When the Recovering Worker is Unable to Return to the Job of Injury with the Employer
Even with the finest medical case management, on occasion a recovering worker’s post injury functional capabilities will prevent a return to their job of injury with the employer. When a return to work at the pre-injury level is not an achievable goal, a nationally certified Vocational Expert can work with the recovering worker towards the goal of returning the individual to employment consistent with their functional capabilities and skills.
Five Best Practices to Look for When Considering a Vocational Case Management Vendor
- Does the Vocational Consultant perform an initial assessment? Look for a comprehensive:
- Vocational work history
- Education history
- Hobbies and interests
- Medical status and RTW capabilities
- Psychosocial – motivation for RTW, family history and support
- Assessment of barriers to RTW
- Make sure your staff providing Vocational Rehabilitation services are credentialed, possess a graduate degree and are licensed in some type of clinical profession, such as counseling. A certified and licensed rehabilitation professional has the experience and education to effectively intervene and address concerns voiced by the recovering worker as we work towards a transitional SAW/RTW. A rehabilitation professional has the experience to ensure the transitional job is appropriate to the functional requirements.
If the appropriateness of the vocational assessment, positions found or findings are contested or litigated by the injured worker and their representative, you want an expert in the field of rehabilitation able to testify as to the appropriateness. A rehabilitation professional also has the expertise to document objectively regarding any barriers or observed sabotage on the part of the recovering worker. Some of the recommended credentials include:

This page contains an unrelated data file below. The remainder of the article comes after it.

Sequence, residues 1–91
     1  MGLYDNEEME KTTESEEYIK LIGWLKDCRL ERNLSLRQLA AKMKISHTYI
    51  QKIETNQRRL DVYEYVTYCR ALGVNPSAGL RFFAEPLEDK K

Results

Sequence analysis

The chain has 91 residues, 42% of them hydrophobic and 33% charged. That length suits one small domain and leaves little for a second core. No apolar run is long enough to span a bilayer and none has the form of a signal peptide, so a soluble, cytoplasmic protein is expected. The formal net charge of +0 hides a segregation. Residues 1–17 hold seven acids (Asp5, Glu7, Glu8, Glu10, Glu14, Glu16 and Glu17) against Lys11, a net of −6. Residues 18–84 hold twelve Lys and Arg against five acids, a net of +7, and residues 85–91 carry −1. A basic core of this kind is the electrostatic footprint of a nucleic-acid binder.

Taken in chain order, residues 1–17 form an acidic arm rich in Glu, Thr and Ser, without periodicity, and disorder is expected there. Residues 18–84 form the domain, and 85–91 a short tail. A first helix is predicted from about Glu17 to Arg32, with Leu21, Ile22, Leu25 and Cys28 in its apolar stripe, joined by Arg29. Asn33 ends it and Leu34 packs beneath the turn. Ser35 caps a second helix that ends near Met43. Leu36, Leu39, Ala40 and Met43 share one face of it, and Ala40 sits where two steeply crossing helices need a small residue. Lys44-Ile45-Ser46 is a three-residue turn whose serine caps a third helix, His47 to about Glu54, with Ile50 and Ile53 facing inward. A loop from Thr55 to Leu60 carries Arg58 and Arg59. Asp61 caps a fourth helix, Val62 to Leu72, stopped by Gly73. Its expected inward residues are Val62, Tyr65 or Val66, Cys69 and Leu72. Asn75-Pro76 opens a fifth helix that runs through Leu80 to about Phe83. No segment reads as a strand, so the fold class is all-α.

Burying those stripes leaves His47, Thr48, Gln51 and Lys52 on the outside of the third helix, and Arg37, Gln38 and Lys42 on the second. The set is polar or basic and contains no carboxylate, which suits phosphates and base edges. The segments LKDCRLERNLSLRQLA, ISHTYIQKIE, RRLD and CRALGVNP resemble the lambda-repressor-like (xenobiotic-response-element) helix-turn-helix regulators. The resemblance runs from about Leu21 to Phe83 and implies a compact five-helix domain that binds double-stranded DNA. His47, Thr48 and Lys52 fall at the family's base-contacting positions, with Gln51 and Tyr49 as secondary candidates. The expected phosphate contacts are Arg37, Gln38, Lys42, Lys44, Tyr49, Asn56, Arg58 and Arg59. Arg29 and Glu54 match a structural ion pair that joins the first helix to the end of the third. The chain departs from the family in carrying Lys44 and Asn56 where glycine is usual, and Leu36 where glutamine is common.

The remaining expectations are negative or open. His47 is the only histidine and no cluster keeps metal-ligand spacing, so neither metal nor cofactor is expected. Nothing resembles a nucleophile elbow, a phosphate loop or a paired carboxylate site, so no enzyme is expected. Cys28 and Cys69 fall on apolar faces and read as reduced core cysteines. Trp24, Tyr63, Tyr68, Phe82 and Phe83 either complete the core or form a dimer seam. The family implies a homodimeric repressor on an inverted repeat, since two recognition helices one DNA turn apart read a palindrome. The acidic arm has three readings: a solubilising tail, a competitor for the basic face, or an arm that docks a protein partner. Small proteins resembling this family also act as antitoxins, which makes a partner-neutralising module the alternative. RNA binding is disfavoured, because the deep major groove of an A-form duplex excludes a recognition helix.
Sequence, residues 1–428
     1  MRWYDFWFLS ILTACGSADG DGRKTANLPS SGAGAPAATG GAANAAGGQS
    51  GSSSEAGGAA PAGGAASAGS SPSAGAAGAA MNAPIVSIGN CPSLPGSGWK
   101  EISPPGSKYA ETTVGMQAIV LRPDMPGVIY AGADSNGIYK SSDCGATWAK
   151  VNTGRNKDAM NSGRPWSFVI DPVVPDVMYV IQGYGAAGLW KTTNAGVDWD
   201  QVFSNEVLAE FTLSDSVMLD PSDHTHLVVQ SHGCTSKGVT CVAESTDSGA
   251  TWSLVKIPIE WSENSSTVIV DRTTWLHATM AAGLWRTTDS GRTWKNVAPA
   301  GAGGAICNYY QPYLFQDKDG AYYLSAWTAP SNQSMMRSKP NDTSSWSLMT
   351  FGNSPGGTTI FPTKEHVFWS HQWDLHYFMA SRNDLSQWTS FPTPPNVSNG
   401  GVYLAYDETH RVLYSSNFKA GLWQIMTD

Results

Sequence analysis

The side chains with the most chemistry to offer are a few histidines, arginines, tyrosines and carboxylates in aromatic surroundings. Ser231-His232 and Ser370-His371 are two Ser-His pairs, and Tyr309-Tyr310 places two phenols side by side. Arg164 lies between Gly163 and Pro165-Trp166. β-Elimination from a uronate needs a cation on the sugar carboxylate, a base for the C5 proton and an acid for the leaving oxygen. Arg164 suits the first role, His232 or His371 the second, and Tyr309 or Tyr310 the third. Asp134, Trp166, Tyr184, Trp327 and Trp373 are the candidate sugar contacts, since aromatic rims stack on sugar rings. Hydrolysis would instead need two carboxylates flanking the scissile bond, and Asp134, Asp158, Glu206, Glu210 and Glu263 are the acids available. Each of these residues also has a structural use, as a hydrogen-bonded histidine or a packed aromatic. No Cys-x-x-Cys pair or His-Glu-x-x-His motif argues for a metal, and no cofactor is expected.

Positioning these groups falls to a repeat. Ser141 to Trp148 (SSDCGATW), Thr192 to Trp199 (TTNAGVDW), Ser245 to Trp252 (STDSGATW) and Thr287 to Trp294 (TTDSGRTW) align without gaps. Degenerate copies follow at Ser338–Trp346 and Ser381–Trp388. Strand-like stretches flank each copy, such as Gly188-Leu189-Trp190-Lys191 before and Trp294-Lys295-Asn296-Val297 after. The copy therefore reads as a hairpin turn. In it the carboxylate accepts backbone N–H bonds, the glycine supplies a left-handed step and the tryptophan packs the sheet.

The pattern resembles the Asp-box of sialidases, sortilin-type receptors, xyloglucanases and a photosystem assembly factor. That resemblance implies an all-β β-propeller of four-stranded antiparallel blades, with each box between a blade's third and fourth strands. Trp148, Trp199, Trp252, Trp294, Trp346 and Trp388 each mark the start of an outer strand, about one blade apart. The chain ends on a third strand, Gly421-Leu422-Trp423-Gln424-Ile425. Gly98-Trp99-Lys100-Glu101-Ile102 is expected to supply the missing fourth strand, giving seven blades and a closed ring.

- Master’s degree in Rehabilitation, Education or Psych
- Certification as a Rehabilitation Counselor
- Certified Ergonomic Assessment Specialist
- Some type of clinical licensure
- Use a company who advocates for weekly contact with the recovering worker, ensures the recovering worker knows they are accountable for their own results, and assists the recovering worker to take ownership of their own vocational rehabilitation process. Does your vendor provide Job Seeking Skills Training for the recovering worker? Ask if during their weekly meetings with the recovering worker, are they open and discuss their opinion of the recovering worker’s status and provide encouragement, suggestions, etc. to facilitate success whenever possible?
- Communication Skills are essential. Does your vendor provide training for their internal staff in topics such as Motivational Interviewing, Cultural Diversity, and Ethical Decision Making? Ask to see their training records. Do they provide financial support for ongoing training for their staff, to facilitate earning the CEUs required to retain certification?
This type of ongoing training provides the skills the vocational staff need when meeting with the recovering worker to develop a collaborative written rehab plan, to explore any objections, and work effectively with all parties. It is essential they seek and obtain agreement from the recovering worker and their legal representative, if they have one, regarding this plan.
- Discuss with your vendor their process for obtaining and providing documentation and follow up – with employers, the recovering worker and their legal representative. Do they verify data provided by the recovering worker during the job search phase? How often do they follow up? What does the documentation look like? Will it be helpful if litigation ultimately ensues? What is their process for working with the recovering worker when noting issues? What type of reporting do they provide? Will they modify their standard reporting to meet your specific requirements?
In conclusion, the success of your vocational services program depends on a variety of factors including the education level of the staff providing the services, the support from their company to continue participation in continuing education, their understanding of the need for collaboration with the recovering worker and the type and frequency of documentation during the process.